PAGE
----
Nevada Bill To Make It Easier For DREAMers To Teach Passes Its First Test

Chuck Ross Investigative Reporter
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A bill proposed in Nevada that would make it easier for immigrants with temporary legal status to get teaching licenses has passed through a state education committee.

The bill, A.B. 27, would make it easier for beneficiaries of Deferred Actions for Childhood Arrivals (DACA) — known as DREAMers — to get hired by Nevada school districts.

The Nevada Assembly Education Committee passed A.B. 27 on Wednesday. It will head to a floor vote, CBS Las Vegas reported.

Under current law, school districts may hire non-citizens with work permits only whenever there is a teacher shortage. Otherwise, districts may only hire U.S. citizens or legal residents.

What A.B. 27 will do, if passed, is strike the language pertaining to the teacher shortage from existing law.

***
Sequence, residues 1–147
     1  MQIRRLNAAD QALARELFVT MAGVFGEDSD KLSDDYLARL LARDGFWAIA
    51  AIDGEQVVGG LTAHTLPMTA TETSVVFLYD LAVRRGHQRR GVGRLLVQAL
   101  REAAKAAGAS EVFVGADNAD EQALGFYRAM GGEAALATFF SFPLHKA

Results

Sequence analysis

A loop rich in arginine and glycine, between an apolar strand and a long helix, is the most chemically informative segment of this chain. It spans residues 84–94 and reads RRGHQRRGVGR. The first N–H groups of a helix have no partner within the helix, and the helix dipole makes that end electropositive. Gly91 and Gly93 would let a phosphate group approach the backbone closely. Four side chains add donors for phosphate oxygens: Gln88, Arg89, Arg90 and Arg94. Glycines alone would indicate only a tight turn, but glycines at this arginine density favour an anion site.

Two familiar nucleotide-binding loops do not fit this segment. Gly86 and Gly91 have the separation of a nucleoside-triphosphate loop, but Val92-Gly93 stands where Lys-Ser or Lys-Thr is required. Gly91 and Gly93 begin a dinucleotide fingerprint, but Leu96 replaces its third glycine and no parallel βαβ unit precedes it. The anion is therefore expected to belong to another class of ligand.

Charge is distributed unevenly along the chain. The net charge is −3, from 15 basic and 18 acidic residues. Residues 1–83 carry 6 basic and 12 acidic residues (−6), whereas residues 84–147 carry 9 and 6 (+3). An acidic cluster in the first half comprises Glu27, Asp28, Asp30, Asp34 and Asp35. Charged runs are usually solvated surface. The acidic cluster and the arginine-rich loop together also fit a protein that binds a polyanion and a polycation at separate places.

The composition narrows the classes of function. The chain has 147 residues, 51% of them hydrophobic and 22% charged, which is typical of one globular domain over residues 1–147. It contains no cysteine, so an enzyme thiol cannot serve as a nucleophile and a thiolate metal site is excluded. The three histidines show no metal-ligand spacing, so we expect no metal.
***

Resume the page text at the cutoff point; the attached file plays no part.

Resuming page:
Text from A.B. 27

Text from A.B. 27

Some school district officials and teachers welcome the change, citing widespread teacher shortages in districts across the state.

“These are individuals that were basically raised and educated through our public education system and have paid for their college, and they’re not able to fulfill that dream of becoming a teacher,” Olivia Diaz, a Las Vegas Democratic Assemblywoman and a teacher, told FOX News Latino.

Some limitations will be placed on any DREAMers hired upon the bill’s passage. Teaching licenses will not be transferable to other counties, for instance.

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